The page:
NASA is actively tracking more than 500,000 pieces of debris, ranging in size from a tennis ball to a tiny marble, and if any of those makes a hit, it can disintegrate into tiny, untrackable particles that can still punch holes 100 times the particle’s diameter. Orbitable space is approaching “collision chaos,” Attard said.

“Many fiber-reinforced polymers — including carbon-fiber composites — have high strength and stiffness, good chemical and heat resistance, and low weight and may present great alternatives to many everyday problems,” Attard said. “However, a major drawback is brittleness and insufficient toughness and damping, and in large-impact environments, this can lead to unexpected and catastrophic failure.”

With the aid of nano-scale experimental equipment and super-computing facilities at Oak Ridge National Laboratory’s Center for Nanophase Materials Sciences, Attard is developing “tunable” energy-dissipating materials, by altering experimental chemical reactions at the nano-scale.

By tunable, he means the ability to change reaction rates and also reverse reactions through dissociativity between a slow-curing epoxy and either a pre-polymerized polyurea or a hindered-urea bond, i.e., un-polymerized polyurea. He calls the outcome a “Dynamic Covalent Interface,” or DCI, that will contain newly created and designable chemical bonds that are self-healing under extreme impact. The concept of creating a new “DCI skin panel” is to lessen the risk of sudden breakage of fiber-reinforced polymers by creating better shock dynamics, while still maintaining temperature resistance in satellites and various spacecraft structure components.

“Dr. Attard’s team at UAB will be doing all the up-front work formulating the polymer chemistry and getting it into a useful form,” Cuneo said. “The team at SR will do downstream work to test the material’s thermal and mechanical properties and work with potential vendors to assess its potential for coatings or as a matrix material for composites.”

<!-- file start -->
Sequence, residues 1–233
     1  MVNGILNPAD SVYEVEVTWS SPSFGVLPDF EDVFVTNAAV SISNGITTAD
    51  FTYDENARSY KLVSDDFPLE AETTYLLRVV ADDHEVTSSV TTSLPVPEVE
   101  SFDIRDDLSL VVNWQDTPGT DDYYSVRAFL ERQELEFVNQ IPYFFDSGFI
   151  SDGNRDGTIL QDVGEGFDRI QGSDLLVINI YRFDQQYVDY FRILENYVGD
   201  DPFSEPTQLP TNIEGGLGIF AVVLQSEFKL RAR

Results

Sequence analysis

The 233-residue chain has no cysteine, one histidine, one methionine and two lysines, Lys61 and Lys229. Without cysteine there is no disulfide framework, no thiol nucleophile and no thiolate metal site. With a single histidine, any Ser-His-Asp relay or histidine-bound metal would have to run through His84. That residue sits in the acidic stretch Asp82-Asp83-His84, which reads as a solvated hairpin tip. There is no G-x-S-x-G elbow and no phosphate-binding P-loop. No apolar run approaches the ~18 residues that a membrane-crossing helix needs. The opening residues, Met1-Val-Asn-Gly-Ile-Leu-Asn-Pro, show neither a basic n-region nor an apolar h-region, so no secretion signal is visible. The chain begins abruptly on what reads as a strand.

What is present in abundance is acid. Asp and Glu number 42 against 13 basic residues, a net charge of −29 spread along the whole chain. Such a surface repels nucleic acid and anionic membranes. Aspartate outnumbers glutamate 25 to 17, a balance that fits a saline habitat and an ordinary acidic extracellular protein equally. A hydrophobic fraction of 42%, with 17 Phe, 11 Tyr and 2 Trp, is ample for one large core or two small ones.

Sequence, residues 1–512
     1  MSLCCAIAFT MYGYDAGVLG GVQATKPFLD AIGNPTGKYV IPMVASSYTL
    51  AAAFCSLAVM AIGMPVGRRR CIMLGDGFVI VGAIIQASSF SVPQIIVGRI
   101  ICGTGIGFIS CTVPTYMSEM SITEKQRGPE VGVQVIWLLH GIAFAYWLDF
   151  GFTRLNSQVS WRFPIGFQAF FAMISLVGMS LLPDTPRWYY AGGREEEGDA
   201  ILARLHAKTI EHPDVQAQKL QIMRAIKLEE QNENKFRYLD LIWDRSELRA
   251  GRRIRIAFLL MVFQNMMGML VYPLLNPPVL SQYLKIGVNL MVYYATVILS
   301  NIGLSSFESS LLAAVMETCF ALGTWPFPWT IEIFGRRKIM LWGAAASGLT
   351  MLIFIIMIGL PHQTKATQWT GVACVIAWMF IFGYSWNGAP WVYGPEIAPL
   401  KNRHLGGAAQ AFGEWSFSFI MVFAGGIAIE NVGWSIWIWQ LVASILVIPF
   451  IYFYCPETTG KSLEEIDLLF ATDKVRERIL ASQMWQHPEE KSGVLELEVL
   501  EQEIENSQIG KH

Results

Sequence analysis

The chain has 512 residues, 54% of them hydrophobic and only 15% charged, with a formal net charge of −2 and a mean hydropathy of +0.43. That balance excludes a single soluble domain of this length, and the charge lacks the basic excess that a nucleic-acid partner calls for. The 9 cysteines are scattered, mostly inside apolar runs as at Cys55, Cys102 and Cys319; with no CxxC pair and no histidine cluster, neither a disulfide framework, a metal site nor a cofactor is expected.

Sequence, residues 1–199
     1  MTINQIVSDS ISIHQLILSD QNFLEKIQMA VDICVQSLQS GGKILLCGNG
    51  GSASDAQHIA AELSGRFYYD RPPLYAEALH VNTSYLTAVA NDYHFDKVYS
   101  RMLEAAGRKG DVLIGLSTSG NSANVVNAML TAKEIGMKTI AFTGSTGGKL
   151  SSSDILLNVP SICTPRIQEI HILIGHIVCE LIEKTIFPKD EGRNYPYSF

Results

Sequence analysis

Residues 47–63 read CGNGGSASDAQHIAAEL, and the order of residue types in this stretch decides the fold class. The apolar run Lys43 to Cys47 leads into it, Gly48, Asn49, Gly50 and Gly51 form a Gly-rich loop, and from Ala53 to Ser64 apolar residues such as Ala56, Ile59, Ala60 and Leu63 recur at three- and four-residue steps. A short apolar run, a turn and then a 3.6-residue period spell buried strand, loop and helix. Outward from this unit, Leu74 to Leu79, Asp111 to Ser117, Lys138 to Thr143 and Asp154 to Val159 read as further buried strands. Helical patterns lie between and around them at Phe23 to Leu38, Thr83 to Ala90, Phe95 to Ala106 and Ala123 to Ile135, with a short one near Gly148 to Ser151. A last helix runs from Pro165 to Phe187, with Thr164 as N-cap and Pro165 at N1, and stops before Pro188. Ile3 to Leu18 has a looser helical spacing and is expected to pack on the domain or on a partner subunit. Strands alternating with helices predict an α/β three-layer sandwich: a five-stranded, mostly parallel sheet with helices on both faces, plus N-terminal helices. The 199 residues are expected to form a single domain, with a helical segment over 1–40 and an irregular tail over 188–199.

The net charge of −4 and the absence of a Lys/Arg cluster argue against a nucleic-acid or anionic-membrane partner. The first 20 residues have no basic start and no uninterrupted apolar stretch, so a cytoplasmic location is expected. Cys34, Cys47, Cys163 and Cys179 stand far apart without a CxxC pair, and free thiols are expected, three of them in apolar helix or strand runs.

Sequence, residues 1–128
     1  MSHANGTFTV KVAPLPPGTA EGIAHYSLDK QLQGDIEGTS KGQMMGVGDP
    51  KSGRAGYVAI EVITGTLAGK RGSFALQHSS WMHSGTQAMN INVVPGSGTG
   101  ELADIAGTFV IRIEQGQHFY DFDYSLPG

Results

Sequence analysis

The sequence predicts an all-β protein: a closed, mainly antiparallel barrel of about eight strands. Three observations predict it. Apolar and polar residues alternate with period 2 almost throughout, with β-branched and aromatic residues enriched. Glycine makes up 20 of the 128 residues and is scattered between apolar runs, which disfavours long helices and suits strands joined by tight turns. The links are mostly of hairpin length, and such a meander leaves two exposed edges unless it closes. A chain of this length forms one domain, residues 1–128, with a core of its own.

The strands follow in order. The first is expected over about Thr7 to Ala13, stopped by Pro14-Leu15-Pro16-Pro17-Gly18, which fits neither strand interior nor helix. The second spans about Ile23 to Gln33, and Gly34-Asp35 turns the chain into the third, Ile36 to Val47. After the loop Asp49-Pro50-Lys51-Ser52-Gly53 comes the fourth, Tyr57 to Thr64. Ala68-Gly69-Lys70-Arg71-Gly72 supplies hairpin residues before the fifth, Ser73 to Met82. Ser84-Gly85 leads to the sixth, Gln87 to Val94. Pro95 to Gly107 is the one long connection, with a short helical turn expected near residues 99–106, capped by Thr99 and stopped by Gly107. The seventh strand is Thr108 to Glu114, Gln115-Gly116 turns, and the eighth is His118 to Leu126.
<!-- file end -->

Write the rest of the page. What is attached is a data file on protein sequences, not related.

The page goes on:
Jacques Cuneo (L) and Thomas Attard (R)

The UAB/SR collaboration began last December with a research retreat for 60 scientists and engineers from UAB and SR, as Chris Brown, Ph.D., UAB vice president for Research, and Art Tipton, Ph.D., SR president and chief executive officer, were seeking ways to create more collaborations between the two institutions.

“It was a wonderful idea-exchange and incubation session,” Goyal said. “It was fascinating for me to learn about the computational modeling tools of Professor Chen and the ultrafast in-situ characterization capabilities of Professor Appavoo.”

At the retreat, Brown and Tipton announced they would jointly fund several new initiatives, and the two winning proposals were chosen this summer.

“This is a fantastic opportunity to capitalize on the scientific and engineering strengths of our two organizations — literally across the street from each other,” Brown said. “We anticipate that these two pilot projects will lead to more collaboration in the future.”

“Southern Research and UAB maintain many positive collaborations, particularly in the life sciences,” Tipton said, “and this pilot study program has already proved to be a great way to catalyze more innovations and collaborations in a broader range of areas between the two organizations. I am thrilled with the range of ideas proposed and look forward to this research’s investment providing returns.”

In 2019, at the end of one year, the two pilot studies will report on those returns, as measured by:
• Applications for external funding
• Intellectual property
• Publications in high-impact journals
• Commercial opportunities

The one-year pilots, each funded with $30,000, are jointly supported by the UAB Vice President for Research, UAB College of Arts and Sciences, UAB School of Engineering, and Southern Research.